That's where academics have a role to play, Brown believes. "One of the reasons we have the tenure system in universities is to allow people to speak their minds without professional reprisals," he says.
"To speak simply, clearly and directly on matters is incumbent on professors. Everyone has that duty but with us it's stronger because we're protected."
Principal Bernard Shapiro, Ontario's deputy minister of education from 1986-1989, agrees that academics can contribute to government commissions by sharing knowledge and a different perspective.
"There's never enough knowledge inside government -- or any other institution -- to satisfy the need for informed public policy," he says. "So there is knowledge in the university which is sometimes not available inside government offices because they're not staffed that way."
He adds that the different perspective scholars bring comes from being in a different environment. "Everybody brings baggage with them," he says. As a civil servant and deputy minister, "it's clear I was influenced by the environment around me. The same is true of academics. It's just different. So it's like anything else -- it never hurts to seek a second opinion."
Shapiro cautions that it's impossible to know ahead of time to what extent the government will heed a commission and how quickly. "My view has always been that commission reports don't leap into history -- they seep into history because the problem, whether the government wishes to pay attention to it or not, doesn't go away."
Even government commissions set up for public relations reasons serve a purpose because they add to the body of knowledge on a topic, from which solutions can later be derived, he adds.
Law professor Marie-Claude Prémont, chaired the Comité de surveillance du projet vitrine carte santé.
Appointed by the provincial health minister, the committee's mandate was linked to a Laval project of using smart cards to share information between health care providers. It tackled the question of how this new way of information sharing can be consistent with protecting people's rights and freedoms.
Prémont says sitting on these commissions is an important part of participating in the democratic process. "Democracy is about more than voting every four or five years," she says. "These forums for debate are very important but at the same time no committee can claim to hold the truth. The democratic procedure has to continue in the sense that the government has to consider the issue. Whether [your report is] criticized or acclaimed isn't the point."
Her work on the committee will have an impact on her future agenda of research. "You learn about wider issues and have the chance of becoming a better academic because of that," she says. "I think this is a good opportunity to make the link between theory and practice and show new directions for research. For me, the best theory is very solidly anchored in practice."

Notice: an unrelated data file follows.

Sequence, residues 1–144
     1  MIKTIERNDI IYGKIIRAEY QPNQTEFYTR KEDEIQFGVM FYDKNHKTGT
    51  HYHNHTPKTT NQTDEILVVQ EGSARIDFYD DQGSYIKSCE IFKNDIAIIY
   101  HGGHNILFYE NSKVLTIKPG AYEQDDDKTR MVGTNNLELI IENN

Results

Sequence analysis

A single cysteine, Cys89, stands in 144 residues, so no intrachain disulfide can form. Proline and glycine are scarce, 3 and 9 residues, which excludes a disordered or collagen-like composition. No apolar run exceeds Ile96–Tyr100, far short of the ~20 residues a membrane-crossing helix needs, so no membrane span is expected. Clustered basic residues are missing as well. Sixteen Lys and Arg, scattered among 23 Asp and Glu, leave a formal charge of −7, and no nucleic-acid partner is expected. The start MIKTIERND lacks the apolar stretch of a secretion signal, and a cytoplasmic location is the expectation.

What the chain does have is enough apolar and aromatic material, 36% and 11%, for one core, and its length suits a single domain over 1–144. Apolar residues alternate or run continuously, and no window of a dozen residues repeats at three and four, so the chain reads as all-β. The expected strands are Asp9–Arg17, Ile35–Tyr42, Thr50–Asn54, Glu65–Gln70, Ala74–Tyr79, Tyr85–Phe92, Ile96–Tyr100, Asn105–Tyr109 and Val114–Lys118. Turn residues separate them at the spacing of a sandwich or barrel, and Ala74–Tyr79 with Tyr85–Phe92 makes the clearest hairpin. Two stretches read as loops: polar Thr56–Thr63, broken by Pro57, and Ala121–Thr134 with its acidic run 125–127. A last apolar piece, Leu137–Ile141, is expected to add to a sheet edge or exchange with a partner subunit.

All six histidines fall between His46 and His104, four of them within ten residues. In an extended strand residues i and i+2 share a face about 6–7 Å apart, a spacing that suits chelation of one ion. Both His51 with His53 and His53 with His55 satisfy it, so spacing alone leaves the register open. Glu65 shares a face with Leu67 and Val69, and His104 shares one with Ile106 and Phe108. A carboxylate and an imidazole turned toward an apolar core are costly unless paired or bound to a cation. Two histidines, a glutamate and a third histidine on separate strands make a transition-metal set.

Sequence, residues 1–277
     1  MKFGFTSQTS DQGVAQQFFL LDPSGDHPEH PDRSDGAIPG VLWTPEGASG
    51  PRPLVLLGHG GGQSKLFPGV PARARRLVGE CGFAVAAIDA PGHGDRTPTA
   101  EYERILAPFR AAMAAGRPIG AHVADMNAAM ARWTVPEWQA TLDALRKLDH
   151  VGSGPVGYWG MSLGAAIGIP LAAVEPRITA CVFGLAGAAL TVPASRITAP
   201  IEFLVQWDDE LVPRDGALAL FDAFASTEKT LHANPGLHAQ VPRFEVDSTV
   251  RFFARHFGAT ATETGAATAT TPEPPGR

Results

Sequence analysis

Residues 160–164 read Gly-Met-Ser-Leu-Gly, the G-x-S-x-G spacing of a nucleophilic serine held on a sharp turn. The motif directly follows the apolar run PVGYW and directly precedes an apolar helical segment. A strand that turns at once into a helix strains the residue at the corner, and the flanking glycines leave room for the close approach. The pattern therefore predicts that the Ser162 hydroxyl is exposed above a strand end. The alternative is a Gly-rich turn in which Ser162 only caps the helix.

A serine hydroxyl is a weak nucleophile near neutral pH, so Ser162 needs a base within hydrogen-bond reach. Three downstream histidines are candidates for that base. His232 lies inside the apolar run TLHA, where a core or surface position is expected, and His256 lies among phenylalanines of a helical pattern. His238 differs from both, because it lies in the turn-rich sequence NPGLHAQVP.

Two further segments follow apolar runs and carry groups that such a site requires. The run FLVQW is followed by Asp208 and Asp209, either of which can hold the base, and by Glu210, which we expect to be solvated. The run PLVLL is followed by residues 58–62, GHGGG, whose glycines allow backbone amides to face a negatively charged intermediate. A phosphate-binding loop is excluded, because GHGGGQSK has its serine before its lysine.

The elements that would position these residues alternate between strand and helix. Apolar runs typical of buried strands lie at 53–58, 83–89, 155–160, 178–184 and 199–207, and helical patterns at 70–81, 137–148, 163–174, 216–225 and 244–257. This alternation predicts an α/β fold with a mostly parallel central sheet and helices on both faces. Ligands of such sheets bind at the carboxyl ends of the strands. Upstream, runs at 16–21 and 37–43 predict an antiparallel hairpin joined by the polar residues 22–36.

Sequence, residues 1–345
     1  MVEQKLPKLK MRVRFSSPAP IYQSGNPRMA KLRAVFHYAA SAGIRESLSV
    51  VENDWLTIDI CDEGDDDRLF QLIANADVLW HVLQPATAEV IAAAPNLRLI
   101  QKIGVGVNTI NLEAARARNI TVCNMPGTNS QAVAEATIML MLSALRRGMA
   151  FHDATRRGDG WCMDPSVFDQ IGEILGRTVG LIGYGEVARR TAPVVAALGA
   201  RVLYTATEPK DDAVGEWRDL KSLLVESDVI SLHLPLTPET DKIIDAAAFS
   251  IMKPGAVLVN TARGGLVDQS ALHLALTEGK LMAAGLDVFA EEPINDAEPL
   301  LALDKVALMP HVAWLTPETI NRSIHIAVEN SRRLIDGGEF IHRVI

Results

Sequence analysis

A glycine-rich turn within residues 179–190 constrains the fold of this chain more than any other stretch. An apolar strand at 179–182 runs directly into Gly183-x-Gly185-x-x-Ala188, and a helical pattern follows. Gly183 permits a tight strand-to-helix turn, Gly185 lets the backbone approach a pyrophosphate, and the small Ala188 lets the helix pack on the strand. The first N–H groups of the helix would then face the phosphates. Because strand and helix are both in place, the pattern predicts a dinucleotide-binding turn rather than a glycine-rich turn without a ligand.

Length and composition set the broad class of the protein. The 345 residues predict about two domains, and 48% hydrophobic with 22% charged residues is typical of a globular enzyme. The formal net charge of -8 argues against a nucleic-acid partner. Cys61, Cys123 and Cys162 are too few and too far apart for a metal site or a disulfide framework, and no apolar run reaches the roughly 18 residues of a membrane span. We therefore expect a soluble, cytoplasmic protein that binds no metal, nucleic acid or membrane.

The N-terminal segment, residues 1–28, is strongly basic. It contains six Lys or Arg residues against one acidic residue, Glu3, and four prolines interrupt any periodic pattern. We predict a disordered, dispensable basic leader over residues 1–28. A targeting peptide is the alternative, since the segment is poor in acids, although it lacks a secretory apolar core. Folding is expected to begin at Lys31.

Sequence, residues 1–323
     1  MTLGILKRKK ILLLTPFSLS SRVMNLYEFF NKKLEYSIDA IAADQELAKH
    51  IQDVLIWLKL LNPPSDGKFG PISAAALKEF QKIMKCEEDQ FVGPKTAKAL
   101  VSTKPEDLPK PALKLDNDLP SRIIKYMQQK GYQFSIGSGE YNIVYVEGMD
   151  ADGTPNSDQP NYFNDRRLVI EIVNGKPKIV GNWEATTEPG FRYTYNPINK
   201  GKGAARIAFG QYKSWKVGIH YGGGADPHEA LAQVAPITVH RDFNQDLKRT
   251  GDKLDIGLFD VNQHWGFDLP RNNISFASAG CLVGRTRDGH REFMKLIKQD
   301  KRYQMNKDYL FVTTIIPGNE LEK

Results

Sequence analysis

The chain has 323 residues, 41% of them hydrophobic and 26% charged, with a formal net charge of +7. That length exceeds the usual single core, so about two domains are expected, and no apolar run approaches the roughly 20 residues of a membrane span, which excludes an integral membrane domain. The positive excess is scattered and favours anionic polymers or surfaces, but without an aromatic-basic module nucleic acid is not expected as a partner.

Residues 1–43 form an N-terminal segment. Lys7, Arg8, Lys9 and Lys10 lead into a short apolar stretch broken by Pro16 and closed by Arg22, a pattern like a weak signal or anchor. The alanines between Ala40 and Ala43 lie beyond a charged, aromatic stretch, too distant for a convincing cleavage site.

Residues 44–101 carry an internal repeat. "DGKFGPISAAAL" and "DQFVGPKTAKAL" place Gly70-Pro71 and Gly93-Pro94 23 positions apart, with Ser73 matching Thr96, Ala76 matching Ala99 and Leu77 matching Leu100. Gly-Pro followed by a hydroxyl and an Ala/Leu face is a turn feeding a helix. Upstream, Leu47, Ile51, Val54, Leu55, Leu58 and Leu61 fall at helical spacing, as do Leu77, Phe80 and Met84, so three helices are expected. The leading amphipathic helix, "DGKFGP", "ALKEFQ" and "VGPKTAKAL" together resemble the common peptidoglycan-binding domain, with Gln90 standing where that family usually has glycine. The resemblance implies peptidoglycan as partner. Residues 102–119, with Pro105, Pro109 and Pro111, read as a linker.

This link also has a positive impact on teaching. "Students love it when their professors make the link between theory and the practice of living in society. It gives them a clearer picture of what they're studying about."
When a student came to Prémont recently asking to do a term paper about health care, the professor suggested a topic that stemmed from her work on the committee.
Academics' work on commissions also brings added recognition for the University. "The University is seen as a valuable resource, so support for the University increases," Shapiro says.
Just because the government has asked you for your opinion doesn't necessarily mean that the government will follow up on what you propose.
About four years ago, former defence minister Doug Young asked four prominent military historians, including McGill's Desmond Morton, how they would go about fixing Canada's armed forces.
Morton recommended that serving officers be better educated, that royal military colleges had outlived their usefulness and that the military should be the first of several careers for officers rather than being the only one.
The senior military brass proved to be a tough audience. "When you present these types of recommendations to a room of older people, it doesn't go over well," Morton says. "My recommendations on the whole weren't particularly successful. People listen to what they want to hear."
He isn't perturbed that the bulk of his advice wasn't acted upon. "What makes me so smart?" he says rhetorically. "I don't command any particular genius. I understood perhaps they wouldn't be followed."
Still, Spencer Boudreau says professors should contribute to forming government policy if they can. "We're very critical about government, so we should give them feedback. Being asked to sit on a committee is also a recognition of an academic's expertise, he says. "It's not often the minister asks for your advice."